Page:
All I can do is fiddle with interest rates.

Sad family - Frog Financial Management

A: So why . . . ?

P: Today’s Congress is hopeless.

The Republicans don’t care about the economy. All they want to do is win elections.

So they act outraged about everything, but they don’t have actual plans to do anything about the economy.

Let’s face it, white supremacists, bigots, anti-vaxers, anti-gay, anti-immigrant, anti-Mulsim, and anti-black dummies storming Congress are not the kind of people likely to have created coherent plans to improve the economy.

The Dems want to grow the economy, but they think federal spending to cure shortages would cause, not cure, inflation.

Frankly, I don’t understand how curing the shortages of food, oil, computer chips, labor, etc., etc., etc,. could cause inflation, but the Dems are terrorized by the word “debt.”

A: But isn’t debt bad?

P: Nah, debt is bad only if you can’t afford to pay for it. But the federal government never can run short of its own sovereign currency, the U.S. dollar. It can pay off any size of debt instantly, without levying a penny in taxes.

A: So why don’t you just tell the American people all this? Why do you pretend you can cure inflation without causing a recession or depression when you know you can’t.

P: There’s an old story that comes to mind:

The King sentenced a man to death. The man pleaded, “If you spare me, I promise that in one year, I will teach this pig to fly.”

The King laughed and said, “I will give you one year. If the pig doesn’t fly, I will kill you myself.”

When the man’s friends asked him how he could make such a ridiculous promise, the man replied, “Much can happen in a year. The pig might die; the King might die, or I might die.

“Or who knows, I might teach the pig to fly.”

So much could happen in a year. We could go to war with Russia or China, and everyone would forget about inflation. A meteor could fall on Washington. COVID could act up again. The Supreme Court could outlaw gays.

Many things could divert our concerns from inflation.

And maybe pigs will fly.

In any event, Powell’s claims have bought him some lucrative time as Chair of the Fed (over $200K per year, plus many great benefits), and who knows, inflation might just go away, and he’d get accolades, whether or not we had a recession.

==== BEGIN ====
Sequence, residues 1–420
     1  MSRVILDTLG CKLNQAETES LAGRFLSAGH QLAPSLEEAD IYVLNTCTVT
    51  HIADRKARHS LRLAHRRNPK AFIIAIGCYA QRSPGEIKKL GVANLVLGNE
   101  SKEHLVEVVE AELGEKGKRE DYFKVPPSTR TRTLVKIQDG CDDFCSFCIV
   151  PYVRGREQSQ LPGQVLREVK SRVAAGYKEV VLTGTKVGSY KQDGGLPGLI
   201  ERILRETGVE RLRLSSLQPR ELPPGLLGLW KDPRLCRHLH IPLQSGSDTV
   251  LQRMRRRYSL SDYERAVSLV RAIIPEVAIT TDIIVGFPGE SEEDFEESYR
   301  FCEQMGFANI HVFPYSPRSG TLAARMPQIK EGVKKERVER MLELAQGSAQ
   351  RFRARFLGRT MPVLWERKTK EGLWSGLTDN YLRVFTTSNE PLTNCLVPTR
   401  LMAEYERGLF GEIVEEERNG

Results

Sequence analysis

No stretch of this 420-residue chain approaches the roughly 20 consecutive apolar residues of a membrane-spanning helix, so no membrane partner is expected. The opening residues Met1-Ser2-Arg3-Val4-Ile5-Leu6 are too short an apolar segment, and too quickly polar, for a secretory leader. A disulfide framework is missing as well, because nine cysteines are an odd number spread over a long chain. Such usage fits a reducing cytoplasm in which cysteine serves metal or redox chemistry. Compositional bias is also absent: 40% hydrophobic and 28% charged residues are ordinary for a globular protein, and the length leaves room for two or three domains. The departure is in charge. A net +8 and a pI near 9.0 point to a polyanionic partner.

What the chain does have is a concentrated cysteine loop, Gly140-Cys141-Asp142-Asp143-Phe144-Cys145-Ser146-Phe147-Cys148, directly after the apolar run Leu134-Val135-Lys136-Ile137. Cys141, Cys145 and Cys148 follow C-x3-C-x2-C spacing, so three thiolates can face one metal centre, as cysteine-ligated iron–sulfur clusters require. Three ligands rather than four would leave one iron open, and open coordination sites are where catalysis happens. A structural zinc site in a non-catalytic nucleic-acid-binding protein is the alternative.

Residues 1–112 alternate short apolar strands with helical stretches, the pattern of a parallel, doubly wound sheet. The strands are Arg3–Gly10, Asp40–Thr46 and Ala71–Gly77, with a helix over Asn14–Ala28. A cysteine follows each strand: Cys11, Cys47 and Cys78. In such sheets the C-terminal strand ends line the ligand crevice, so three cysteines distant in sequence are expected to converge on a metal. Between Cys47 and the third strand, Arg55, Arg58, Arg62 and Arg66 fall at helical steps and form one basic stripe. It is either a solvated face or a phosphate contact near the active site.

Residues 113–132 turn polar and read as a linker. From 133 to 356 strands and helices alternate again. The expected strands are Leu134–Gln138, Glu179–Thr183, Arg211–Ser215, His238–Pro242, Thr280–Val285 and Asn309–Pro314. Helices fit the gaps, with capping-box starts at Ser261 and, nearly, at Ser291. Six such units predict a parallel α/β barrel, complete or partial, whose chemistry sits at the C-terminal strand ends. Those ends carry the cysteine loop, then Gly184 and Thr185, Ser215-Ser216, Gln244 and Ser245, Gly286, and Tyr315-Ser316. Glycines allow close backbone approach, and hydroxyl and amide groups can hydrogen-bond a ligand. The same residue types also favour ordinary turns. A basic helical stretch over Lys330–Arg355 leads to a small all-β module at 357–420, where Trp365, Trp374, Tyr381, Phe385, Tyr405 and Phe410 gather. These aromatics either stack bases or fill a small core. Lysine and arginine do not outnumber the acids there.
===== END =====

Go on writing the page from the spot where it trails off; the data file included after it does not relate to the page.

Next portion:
It worked for Paul Volcker.

Rodger Malcolm Mitchell
Monetary Sovereignty
Twitter: @rodgermitchell
Search #monetarysovereignty
Facebook: Rodger Malcolm Mitchell



The most important problems in economics involve:

  1. Monetary Sovereignty describes money creation and destruction.
  2. Gap Psychology describes the common desire to distance oneself from those “below” in any socio-economic ranking, and to come nearer those “above.” The socio-economic distance is referred to as “The Gap.”

Wide Gaps negatively affect poverty, health and longevity, education, housing, law and crime, war, leadership, ownership, bigotry, supply and demand, taxation, GDP, international relations, scientific advancement, the environment, human motivation and well-being, and virtually every other issue in economics. Implementation of Monetary Sovereignty and The Ten Steps To Prosperity can grow the economy and narrow the Gaps:

Ten Steps To Prosperity:

  1. Eliminate FICA
  2. Federally funded Medicare — parts A, B & D, plus long-term care — for everyone
  3. Social Security for all
  4. Free education (including post-grad) for everyone
  5. Salary for attending school
  6. Eliminate federal taxes on business
  7. Increase the standard income tax deduction, annually. 
  8. Tax the very rich (the “.1%”) more, with higher progressive tax rates on all forms of income.
  9. Federal ownership of all banks
  10. Increase federal spending on the myriad initiatives that benefit America’s 99.9% 

The Ten Steps will grow the economy and narrow the income/wealth/power Gap between the rich and the rest.


7 thoughts on “Fed Chair Jerome Powell, maybe pigs will fly

  1. Powell’s stupidity, especially given the graphs produced by his own people at The Fed is breathtaking. How can an otherwise intelligent man be so ignorant??


  2. Is it just me or are problems getting so bad that there is no solution except to “Powell-stall” until everything goes bonkers. Hoping against hope? Or maybe the only way out is by means of disaster and start over. But there’s no guarantee the disaster will allow a solution. We’re down to a flip of the coin, unless someone real important has the guts to promote Monetary Sovereignty and do it real soon.


    1. The “solution” is:
      1. Have a recession
      2. Keep raising interest rates as the recession deepens (aka “Apply leeches to cure anemia”)
      3. Elect a new President who will “do something about this” and then will do nothing.
      4. Businesses naturally will rush to fill the shortages gaps, which will end the inflation.
      5. Powell and whoever is President will claim credit for ending the problem.
      6. The media will agree (with no evidence whatsoever) that spending caused the problem and interest rates cured it.
      6. Repeat.

      We call that the “Paul Volcker” solution, i.e. “Let the immune system do what the doctor can’t” approach and then brag about how you saved America.